The next question was whether the psychiatrist was qualified to testify that McBride’s increased dosage of Lamictal caused the development of SJS or TEN. The Defendant argued that the psychiatrist was not a dermatologist and could not diagnose SJS or TEN.
Judge Thompson agreed with this argument—but only to a point. The psychiatrist was not qualified to identify SJS from pictures or treat it, and he admitted this in the hearings as much, stating “I don’t know about skin rashes. If I see one, I’ll send a patient to the emergency room probably.” However, Judge Thompson noted that after a specialist’s diagnosis SJS or TEN, the psychiatrist was qualified to testify on why Lamictal caused it as opposed to another drug or cause, because he could eliminate other causes by examining the patient’s history.
As a result, the judge held that the psychiatrist expert was qualified to testify to both general and specific causation.
The Defendant next challenged the psychiatrist’s methodology as unreliable. Citing the reasoning in Gess, the judge explained that the court must first identify the basis of the expert’s testimony and then decide whether the methods, procedures, and information used by him to reach his conclusions are scientifically reliable.
At the Daubert hearing, the psychiatrist testified that, in forming his opinion, he considered the medical records and depositions in the case, his experience prescribing Lamictal in his practice, and several articles that he had either read in the past or reviewed for this case. He admitted that no double-blind scientific studies had conclusively established that higher initial dosages of Lamictal cause SJS or TEN. However, Judge Thompson, citing Daubert, said that the subject of an expert’s testimony need not be known to a certainty for that testimony to be admissible. Again, referencing Gess, in order for the psychiatrist’s testimony to be admissible, Judge Thompson held, he must take what is known—however large or small that body of knowledge may be—and draw his conclusions from that knowledge using the scientific method.
Judge Thompson then asked rhetorically, What, then, did the psychiatrist know? The doctor knew from the studies he read that Lamictal could cause SJS and TEN.
The psychiatrist explained at the Daubert hearing that the data showed a decrease in SJS and TEN rates from a rate of 8 in 10,000 patients taking lamotrigine to 1.6 in 10,000 patients. Finally, the psychiatrist cited from the Journal of Clinical Psychiatry, which also noted that serious rash occurs more frequently at higher dosages.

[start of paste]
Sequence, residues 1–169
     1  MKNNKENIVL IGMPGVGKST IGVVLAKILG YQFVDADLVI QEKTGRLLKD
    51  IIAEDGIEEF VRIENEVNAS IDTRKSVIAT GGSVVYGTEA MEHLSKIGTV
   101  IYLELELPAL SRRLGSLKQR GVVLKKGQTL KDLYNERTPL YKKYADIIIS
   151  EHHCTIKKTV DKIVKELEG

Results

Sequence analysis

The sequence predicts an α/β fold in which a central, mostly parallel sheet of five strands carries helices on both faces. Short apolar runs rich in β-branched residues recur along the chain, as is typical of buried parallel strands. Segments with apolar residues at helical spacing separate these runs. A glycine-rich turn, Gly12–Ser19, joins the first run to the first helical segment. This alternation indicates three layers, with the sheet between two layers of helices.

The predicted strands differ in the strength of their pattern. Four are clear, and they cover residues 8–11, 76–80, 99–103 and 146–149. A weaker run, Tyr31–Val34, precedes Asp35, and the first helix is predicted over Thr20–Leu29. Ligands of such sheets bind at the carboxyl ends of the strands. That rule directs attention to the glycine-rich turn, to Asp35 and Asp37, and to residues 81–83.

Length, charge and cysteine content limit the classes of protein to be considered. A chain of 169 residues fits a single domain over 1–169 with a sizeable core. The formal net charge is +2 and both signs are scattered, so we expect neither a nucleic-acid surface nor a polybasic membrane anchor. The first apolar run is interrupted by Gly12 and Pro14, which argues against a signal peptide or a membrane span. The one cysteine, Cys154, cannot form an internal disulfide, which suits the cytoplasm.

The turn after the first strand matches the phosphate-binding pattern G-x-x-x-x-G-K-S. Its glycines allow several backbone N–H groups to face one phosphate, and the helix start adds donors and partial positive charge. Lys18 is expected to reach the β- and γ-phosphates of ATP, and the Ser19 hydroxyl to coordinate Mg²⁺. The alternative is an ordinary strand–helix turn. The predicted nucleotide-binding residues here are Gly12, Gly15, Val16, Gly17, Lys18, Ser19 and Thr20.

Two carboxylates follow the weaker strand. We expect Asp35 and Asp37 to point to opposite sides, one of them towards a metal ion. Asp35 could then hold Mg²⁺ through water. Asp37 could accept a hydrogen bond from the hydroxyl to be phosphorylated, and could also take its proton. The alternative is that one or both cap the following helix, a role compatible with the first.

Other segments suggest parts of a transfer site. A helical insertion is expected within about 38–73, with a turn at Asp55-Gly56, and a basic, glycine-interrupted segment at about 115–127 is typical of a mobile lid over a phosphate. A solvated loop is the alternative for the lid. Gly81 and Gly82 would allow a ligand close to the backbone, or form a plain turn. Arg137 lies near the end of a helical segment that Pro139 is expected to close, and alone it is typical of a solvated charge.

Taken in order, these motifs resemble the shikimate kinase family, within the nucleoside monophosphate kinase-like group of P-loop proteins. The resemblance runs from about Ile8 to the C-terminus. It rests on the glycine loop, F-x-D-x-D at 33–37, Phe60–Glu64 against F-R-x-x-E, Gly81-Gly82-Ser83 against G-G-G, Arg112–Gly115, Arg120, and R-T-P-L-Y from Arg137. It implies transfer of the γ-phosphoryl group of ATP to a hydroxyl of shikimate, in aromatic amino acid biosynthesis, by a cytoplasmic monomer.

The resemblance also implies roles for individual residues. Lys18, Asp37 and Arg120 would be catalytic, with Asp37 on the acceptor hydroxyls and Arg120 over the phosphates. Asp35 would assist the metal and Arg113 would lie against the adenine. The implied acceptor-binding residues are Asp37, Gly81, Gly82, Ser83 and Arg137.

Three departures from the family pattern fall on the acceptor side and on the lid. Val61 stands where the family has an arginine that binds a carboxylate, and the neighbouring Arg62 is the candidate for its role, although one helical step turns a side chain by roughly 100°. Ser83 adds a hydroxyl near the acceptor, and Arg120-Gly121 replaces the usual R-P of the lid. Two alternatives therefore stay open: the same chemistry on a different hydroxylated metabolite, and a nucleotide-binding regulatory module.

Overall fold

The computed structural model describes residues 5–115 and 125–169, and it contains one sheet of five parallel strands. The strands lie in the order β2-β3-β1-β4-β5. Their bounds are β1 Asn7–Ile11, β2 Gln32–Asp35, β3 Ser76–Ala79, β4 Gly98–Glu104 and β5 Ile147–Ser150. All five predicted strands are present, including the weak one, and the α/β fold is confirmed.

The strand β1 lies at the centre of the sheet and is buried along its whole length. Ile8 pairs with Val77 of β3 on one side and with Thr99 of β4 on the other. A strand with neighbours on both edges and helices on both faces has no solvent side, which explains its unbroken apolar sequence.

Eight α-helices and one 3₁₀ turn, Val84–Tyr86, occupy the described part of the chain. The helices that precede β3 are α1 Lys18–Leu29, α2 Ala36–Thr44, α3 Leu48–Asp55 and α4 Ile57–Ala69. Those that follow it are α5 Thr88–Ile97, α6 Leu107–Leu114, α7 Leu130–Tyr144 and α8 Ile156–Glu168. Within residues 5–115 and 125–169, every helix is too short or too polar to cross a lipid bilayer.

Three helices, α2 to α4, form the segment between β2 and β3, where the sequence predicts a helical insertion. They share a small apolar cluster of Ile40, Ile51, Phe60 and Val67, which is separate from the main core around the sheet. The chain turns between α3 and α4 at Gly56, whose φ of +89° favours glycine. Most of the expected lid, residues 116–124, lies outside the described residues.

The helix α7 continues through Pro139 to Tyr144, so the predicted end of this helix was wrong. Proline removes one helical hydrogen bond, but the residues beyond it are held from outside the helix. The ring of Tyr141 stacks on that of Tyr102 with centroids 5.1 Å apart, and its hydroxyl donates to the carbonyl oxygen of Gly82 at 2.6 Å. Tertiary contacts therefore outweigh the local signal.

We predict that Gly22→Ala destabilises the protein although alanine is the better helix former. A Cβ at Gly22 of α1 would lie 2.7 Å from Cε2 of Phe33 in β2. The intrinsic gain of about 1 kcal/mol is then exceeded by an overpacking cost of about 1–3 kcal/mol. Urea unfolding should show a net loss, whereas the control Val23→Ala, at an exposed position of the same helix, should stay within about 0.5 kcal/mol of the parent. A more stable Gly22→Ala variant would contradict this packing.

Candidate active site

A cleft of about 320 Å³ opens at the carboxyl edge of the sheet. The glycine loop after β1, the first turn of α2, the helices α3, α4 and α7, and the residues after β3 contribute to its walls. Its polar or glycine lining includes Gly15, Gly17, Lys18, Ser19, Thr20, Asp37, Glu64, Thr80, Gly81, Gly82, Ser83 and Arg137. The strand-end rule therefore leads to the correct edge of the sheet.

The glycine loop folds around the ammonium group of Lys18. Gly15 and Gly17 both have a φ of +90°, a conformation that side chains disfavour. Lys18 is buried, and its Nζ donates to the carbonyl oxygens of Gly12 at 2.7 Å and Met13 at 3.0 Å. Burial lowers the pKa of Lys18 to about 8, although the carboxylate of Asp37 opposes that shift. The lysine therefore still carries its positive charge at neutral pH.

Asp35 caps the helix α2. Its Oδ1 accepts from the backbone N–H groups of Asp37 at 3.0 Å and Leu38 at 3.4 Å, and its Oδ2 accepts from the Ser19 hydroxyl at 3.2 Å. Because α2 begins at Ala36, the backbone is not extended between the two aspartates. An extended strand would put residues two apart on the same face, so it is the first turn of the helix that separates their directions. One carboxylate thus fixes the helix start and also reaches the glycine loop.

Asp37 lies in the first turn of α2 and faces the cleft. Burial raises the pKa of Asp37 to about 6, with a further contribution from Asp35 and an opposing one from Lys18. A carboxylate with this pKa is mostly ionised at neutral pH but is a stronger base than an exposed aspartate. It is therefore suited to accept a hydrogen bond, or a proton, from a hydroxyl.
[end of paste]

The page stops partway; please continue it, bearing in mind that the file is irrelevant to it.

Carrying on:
The psychiatrist confirmed that the study Journal of Clinical Psychiatry was published in a peer-reviewed journal and stated that he believed the other studies he cited were also in peer-reviewed journals. Judge Thompson credited the expert’s testimony, as he had no reason to doubt him. The Defendant did not contest that any of the journals were not peer-reviewed in the depositions, briefing, or cross-examination in the Daubert hearing. Given these articles, and the testimony of the psychiatrist, the judge concluded that this was not a niche view with minimal support. Instead, it was one with wide support in the relevant community of experts. Judge Thompson, commenting on another decision, added that “medical literature can show that a particular theory has gained general acceptance in the relevant medical community, provided the literature offers reliable data in support.”
With the articles providing the scholarly background, the psychiatrist examined the medical records and depositions. In accepting the diagnosis of SJS and TEN from the medical records, the doctor used differential diagnosis to find that Lamictal was the probable cause.
The Eleventh Circuit explained that “[d]ifferential diagnosis is conducted by determining the possible causes for the patient’s symptoms and then eliminating each of these potential causes until reaching one that cannot be ruled out or determining which of those that cannot be excluded is the most likely.” Under this method, an expert “must provide a reasonable explanation as to why he or she has concluded that [any alternative cause suggested by the defense] was not the sole cause of the plaintiff’s injury.”
Judge Thompson held that the psychiatrist expert engaged in an adequate differential diagnosis. The Plaintiff presented sufficient evidence with the psychiatrist’s expert testimony and articles at the Daubert hearing which demonstrated that this method was used in the general scientific community to diagnose the cause of SJS/TEN.
In sum, the court found that the psychiatrist’s qualifications were acceptable and his methodology reliable on both standard of care and causation. His testimony was not excluded.
Courtney McBride v. Houston County Health Care Authority, 1:12cv1047–MHT, 2015 WL 3648995, 2015 WL 3648995 (M.D. Ala. June 11, 2015).